I agree with my friend Hugh Hewitt: The primary nominating process is over. Mitt Romney, for all his flaws, will emerge victorious. But the larger question is, as my friend Pat Caddell has been asking: Can he win? And if not, should he be replaced at the convention with someone who can?
Forget all the cable-fueled blather by “Republican strategists” — really, tacticians, none of whom can hold a candle to Andrew Breitbart in the Stonewall Jackson department. This is not a normal, after-you-Alphonse election, in which each party takes its turn at the trough that Tammany sachem George Washington Plunkitt warned us against. This is a deadly serious battle for the soul of America. And we’d better put on our war face if we want to win.
On balance, Romney’s slow slog to the nomination has been a good thing. Respect has to be earned, not “deemed.” And the ruthlessness with which Romney dispatched his rivals — including a painkiller-impaired Perry, an underfunded Santorum and a self-destructive Newt — has to be admired. It’s exactly the kind of fortitude we’re going to need in a candidate come November.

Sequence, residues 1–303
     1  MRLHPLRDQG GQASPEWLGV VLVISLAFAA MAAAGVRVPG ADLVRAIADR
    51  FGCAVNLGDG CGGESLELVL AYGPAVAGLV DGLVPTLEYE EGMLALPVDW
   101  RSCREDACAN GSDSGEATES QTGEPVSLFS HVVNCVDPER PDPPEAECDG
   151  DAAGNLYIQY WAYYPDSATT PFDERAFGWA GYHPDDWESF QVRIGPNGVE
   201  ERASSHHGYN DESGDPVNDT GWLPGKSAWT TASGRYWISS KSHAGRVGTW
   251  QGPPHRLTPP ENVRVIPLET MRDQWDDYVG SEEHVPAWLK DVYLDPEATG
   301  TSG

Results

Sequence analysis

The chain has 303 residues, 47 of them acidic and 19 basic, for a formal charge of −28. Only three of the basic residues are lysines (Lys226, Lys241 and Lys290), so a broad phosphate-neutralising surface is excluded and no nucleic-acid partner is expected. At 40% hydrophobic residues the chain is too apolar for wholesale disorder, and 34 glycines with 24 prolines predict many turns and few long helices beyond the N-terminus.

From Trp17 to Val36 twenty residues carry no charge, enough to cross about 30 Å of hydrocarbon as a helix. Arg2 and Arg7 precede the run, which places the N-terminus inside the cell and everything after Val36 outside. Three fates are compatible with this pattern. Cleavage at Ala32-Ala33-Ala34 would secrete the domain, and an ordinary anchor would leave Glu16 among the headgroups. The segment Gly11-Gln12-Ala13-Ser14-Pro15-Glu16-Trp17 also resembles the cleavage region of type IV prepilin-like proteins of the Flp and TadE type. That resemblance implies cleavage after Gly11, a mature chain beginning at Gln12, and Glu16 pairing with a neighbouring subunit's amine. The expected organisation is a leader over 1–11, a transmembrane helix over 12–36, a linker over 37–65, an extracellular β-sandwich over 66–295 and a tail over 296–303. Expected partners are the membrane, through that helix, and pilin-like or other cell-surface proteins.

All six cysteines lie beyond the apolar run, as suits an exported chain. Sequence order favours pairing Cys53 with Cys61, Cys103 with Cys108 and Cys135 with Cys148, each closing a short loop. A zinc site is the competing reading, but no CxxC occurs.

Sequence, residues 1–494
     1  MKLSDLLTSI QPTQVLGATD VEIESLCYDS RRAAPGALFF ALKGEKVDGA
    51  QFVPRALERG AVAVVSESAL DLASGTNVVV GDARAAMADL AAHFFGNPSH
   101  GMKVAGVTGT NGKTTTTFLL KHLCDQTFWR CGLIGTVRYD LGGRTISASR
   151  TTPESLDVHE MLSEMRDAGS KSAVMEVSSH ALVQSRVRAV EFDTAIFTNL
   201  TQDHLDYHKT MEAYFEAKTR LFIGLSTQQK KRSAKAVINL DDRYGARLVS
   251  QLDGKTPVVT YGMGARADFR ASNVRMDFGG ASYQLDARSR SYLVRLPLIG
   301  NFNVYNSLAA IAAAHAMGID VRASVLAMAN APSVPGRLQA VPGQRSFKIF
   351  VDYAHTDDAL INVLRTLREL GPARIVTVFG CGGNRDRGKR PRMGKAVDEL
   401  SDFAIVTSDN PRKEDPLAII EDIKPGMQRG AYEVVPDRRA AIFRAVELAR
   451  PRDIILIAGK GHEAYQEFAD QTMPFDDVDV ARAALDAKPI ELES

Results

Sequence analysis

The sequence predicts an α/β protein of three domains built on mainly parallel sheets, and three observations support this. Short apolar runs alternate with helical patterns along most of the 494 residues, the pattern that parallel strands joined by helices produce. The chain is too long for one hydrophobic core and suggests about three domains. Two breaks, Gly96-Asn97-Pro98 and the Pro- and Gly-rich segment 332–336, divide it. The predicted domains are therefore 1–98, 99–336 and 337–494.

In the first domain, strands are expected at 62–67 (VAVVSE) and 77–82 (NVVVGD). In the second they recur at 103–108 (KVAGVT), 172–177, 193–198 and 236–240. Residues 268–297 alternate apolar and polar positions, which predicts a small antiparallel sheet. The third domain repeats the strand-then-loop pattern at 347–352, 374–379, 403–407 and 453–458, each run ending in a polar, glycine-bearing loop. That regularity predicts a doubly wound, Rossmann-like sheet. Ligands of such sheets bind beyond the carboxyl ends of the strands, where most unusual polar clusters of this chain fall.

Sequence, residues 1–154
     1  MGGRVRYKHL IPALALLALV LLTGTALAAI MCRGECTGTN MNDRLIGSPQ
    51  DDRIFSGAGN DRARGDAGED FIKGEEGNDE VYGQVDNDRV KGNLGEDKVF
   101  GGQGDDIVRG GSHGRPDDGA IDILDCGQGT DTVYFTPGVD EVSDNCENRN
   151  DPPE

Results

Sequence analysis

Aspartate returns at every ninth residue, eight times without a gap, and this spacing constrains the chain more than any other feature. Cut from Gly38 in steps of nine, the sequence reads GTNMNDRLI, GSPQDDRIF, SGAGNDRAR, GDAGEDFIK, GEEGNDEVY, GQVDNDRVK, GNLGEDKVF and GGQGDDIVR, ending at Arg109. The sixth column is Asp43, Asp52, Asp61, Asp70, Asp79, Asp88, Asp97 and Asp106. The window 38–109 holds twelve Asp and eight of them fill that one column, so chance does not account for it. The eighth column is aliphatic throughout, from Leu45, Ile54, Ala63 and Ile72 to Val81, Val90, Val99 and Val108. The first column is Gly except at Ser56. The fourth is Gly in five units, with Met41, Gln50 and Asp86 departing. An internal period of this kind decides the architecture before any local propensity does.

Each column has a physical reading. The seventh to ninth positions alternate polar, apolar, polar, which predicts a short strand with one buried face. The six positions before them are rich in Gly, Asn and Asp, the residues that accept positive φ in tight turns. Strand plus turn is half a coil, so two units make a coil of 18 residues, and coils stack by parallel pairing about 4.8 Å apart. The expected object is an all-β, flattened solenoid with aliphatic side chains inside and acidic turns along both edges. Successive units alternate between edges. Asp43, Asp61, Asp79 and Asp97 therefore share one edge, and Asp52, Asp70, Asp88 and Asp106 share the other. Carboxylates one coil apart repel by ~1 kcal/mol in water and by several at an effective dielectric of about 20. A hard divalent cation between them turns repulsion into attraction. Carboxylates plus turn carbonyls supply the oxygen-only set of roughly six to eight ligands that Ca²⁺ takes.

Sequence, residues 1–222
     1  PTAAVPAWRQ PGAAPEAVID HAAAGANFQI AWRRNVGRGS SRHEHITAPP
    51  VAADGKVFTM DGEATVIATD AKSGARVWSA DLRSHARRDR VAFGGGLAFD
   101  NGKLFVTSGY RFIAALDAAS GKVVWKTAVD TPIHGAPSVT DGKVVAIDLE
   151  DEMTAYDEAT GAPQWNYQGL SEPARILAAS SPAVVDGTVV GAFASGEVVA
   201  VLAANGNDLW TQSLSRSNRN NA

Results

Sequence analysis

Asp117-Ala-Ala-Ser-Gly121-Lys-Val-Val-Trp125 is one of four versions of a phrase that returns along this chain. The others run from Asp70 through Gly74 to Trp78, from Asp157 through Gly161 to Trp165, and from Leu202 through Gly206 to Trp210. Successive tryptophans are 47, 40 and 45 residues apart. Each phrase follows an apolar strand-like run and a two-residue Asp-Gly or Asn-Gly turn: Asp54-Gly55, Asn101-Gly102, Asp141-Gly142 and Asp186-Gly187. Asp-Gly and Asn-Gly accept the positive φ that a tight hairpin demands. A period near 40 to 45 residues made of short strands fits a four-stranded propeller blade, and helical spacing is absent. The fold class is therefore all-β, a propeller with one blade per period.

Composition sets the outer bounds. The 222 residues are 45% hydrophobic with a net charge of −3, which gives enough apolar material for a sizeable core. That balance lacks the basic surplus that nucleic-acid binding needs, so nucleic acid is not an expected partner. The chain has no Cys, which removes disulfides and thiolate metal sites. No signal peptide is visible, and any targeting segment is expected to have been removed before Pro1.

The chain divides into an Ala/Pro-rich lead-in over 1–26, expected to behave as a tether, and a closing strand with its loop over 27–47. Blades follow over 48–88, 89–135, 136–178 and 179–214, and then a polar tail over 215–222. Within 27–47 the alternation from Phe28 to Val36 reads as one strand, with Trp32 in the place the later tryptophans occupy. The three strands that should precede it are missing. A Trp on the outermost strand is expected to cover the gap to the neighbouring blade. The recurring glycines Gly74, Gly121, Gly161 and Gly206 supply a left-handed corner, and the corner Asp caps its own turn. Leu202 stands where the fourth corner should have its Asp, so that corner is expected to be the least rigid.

#more#But now comes the test. Mitt’s not going to be up against a field of electorally damaged candidates (former speakers, former senators, crazy congressmen), but against the apotheosis of the Leftist beau ideal and the media’s dream candidate. Obama’s consigliere, David Axelrod, the Jake Lingle of his day, is one tough hombre, equally adept in the ways of the American media and Chicago gangland. And like Jake, he’ll be playing both sides of the street right up to the close of voting — and beyond.
Does Romney truly understand the high stakes in this election? And, if so, can he rely on his “strategists” to take his campaign to the next level, whereon he directly challenges Barack Hussein Obama and his governing philosophy, which is so antithetical to the American Way?
So I guess I agree with both my pals: Hugh, in that Romney is the likely nominee — if he can keep it. And with Caddell, in that if — given the importance of this election — he can’t make the case against Obama, the GOP ought to dump him and replace him at the convention with someone who can. The stakes for the nation are too high to observe the formalities; “by any means necessary” ought to go for both parties.
For there are two schools of thought here: One is that a cardboard box plus Marco Rubio/Paul Ryan/Allen West can beat Barry and his disastrous economic record. The other is that the Democrats — ideologically motivated as never before — will brazenly risk stealing the election because they know that the next one won’t matter. That this is the Big Show, the culmination of the Cold Civil War, and that if they win in ‘12, it’s all downhill to infinity, the New Soviet Man and beyond.
The choice, as they say, is ours.